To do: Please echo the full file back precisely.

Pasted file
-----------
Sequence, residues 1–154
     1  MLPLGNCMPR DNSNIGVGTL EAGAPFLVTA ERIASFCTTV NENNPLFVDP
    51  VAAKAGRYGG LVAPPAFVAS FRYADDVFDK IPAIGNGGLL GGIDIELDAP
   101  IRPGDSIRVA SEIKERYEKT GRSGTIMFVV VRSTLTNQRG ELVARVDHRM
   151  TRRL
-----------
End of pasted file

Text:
Sequence, residues 1–154
     1  MLPLGNCMPR DNSNIGVGTL EAGAPFLVTA ERIASFCTTV NENNPLFVDP
    51  VAAKAGRYGG LVAPPAFVAS FRYADDVFDK IPAIGNGGLL GGIDIELDAP
   101  IRPGDSIRVA SEIKERYEKT GRSGTIMFVV VRSTLTNQRG ELVARVDHRM
   151  TRRL